Most of the time a hero has to learn to master themselves in order to succeed. They grow under the watchful eye of a master, and learn the art of discipline. But is control and restraint always the answer? Are passions a weakness, or can we embrace them as a strength?
“Don’t let them get the better of you. Your Emotions are a distraction. You Must Master Yourself!” -Yon-Rogg
Captain Marvel was a very enjoyable experience for me. Despite being an average movie, it managed to strike a chord with me on a deeper level. On the surface, the reason why isn’t immediately apparent. Which is why I’d like to use the movie to examine the underlying themes, rather than the movie itself. The first thing to note is that Carol is a woman. Shocking, I know! And perhaps as a result of this Viers isn’t exactly the most disiplined soldier. She has the classic superhero attitude, rushing into danger with a callous disreguard for her own safety. Her Mentor and Commander, Yon-Rogg, Constantly chatises her for this.
“( ) Stop using this, and start using this. I want you to be the best version of yourself.“
He is of course, asking her to keep her powers in check. I think they make a briliant metaphor for her emotions. If you were paying attention, you’ll notice that the Kree are always wearing blue. Even their energy weapons glow blue.
Their Cities are utilitatian and unadorned, sparkling in a dull kind of grey. You won’t find any decoration or frills among the kree. They are a race of warriors that pride themselves on disipline and control. In a way, they embody the cosmic principle of Order. Carol on the other hand, is agent of Chaos. So unsuprisingly, she never quite fits in. You’ll find the Same colour Symbolism in star wars.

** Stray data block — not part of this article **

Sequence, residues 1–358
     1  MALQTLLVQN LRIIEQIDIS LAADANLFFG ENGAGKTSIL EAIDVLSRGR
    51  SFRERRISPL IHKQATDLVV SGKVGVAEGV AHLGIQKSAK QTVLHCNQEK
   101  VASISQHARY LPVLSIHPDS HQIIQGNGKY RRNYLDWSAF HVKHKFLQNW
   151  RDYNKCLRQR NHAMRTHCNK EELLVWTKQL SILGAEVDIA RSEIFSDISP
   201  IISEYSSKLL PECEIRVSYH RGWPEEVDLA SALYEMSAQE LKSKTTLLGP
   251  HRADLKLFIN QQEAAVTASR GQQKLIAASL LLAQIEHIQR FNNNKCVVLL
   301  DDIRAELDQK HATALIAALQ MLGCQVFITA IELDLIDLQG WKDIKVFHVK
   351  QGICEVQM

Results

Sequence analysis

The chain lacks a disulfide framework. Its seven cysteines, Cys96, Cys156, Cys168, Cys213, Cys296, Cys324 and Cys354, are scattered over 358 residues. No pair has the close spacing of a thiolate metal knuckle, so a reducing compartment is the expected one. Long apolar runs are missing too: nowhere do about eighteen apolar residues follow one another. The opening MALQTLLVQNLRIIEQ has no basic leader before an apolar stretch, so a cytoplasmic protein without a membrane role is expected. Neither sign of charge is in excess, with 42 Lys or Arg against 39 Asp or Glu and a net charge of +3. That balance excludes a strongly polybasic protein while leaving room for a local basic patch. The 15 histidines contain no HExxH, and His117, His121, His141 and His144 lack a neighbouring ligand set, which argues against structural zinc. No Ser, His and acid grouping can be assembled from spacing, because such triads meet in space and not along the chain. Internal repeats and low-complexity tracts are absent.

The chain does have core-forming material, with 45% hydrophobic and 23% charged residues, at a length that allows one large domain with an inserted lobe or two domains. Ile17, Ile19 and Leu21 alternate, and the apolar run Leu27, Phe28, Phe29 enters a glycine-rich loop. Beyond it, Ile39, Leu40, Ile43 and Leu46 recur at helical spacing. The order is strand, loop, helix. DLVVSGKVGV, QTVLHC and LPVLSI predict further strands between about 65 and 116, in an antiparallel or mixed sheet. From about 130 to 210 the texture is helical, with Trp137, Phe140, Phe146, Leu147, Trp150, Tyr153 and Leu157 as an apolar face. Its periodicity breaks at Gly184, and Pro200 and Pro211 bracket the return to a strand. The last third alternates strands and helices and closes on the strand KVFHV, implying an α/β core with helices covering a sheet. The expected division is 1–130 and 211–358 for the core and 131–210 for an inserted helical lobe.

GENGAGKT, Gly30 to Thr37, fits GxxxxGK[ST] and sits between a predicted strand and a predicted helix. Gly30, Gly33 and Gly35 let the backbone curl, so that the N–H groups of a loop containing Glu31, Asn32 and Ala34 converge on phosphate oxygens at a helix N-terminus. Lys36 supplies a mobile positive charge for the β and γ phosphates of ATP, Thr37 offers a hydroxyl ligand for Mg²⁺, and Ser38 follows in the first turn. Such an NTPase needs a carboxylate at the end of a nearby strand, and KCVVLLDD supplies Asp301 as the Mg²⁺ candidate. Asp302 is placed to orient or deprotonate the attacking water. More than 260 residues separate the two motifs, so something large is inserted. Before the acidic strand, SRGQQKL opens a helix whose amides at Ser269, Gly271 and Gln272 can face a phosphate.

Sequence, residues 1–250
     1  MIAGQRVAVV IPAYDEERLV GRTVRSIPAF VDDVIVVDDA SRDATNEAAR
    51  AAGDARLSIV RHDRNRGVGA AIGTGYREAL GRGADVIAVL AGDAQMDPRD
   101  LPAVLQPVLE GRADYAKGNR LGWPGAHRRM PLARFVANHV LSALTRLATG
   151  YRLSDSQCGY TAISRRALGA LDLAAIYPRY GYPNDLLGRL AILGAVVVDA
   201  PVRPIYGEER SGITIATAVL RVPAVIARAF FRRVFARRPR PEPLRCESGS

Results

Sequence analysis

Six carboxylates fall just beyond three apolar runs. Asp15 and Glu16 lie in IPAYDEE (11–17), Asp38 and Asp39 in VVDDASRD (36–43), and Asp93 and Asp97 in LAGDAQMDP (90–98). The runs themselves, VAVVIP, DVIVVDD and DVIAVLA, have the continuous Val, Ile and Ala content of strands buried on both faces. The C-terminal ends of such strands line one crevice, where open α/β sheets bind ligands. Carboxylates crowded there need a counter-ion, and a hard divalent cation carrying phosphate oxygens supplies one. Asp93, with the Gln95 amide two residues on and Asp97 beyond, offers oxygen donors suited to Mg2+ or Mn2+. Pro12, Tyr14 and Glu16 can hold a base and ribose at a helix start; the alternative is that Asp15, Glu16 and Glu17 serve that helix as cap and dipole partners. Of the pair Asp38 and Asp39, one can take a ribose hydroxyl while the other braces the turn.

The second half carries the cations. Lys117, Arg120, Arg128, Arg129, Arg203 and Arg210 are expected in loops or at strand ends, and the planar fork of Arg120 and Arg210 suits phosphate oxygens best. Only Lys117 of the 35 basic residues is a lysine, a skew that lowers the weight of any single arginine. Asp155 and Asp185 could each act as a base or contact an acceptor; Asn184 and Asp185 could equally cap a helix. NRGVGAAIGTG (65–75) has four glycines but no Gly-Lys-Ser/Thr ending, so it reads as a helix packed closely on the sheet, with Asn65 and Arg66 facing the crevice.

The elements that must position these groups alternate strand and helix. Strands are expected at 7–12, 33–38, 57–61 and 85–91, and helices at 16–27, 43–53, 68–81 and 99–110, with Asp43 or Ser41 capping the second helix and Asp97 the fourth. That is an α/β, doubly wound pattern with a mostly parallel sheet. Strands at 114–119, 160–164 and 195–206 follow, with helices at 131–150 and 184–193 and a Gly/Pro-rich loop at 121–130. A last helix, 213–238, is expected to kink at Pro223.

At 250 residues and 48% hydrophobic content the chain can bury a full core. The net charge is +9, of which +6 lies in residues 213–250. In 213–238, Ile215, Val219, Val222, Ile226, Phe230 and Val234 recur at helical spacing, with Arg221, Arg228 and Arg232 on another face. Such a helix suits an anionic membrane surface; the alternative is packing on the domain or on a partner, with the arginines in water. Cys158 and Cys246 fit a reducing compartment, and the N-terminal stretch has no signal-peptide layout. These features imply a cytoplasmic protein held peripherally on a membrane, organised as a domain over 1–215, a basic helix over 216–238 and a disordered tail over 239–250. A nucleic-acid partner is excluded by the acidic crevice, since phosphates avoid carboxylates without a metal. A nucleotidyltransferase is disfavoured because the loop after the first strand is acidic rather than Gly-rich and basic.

In Fact, the Kree and the Jedi have a lot in common. They both supress their emotions, and consider attatchments like love or anger to be mere liabilities. This is why Carol only truly starts to shine when she’s separated from her team. Even with her hands bound, she manages to effortlessly manage to elude her captors. Unlike her mentors, Carol acts based on instinct. As Bruce Lee says in enter the Dragon:
“What was that kick? An exhibition? You need emotional content.” “I said emotional content not anger! Try again, but this time with me. Don’t think… FEEL.”
For a long time, Carol has been trying to play by someone elses set of rules. Rules tailiored to suit somebody elses strengths and weaknesses. Sometimes, Thinking simply gets in the way. By the way, you are now breathing manually. You’re welcome! 🙂
The Supreme Intelligence tries to break her by telling her she’s weak. Flawed. She’s… Only human. And she’s Right. We stumble, we fall. We let our feelings get the best of us.
But time and time again, we brush ourselves off and keep walking. We know how to bend rather than break. In fact, I think it is our greatest strength. Rather than break her spirit, Carol is finally able to lay Veirs to rest. She’s not Kree, she’s human.
They didn’t give her these powers. They just helped her control it.
She removes the implant they put on her, and is suddenly granted access to enormous amounts of Raw, unfettered Power. And can you see how her uniform has changed? It’s sporting quite a good helping of red and gold. And after that, she doesn’t have a great deal of trouble wiping out her Former team.
I think the best part for me is when she finally comes face to face with her mentor, Von-Rogg. He’s so proud of her, and she’s grown so much. But can she keep her cool long enough to face him without her powers? In other words, he wants her to fight him ‘honourably’ in hand to hand combat. Or to be more accurate, In a way that gives him an advantage.
Yeah. She’s not playing that game. She just straight out blasts him.
“I have nothing to prove to you.”
He has an unfair advantage in a physical confrontation. Why would she play by his rules? What I find strange is that Vonn Rogg does seem to genuinely care about her, at least in his own way. In any case, She sends him back to Hala with a message. She’s going to end it.
I think the film was suprisingly good, despite what some might say. I hope you were able to see the film from a different perspective. Thanks for reading.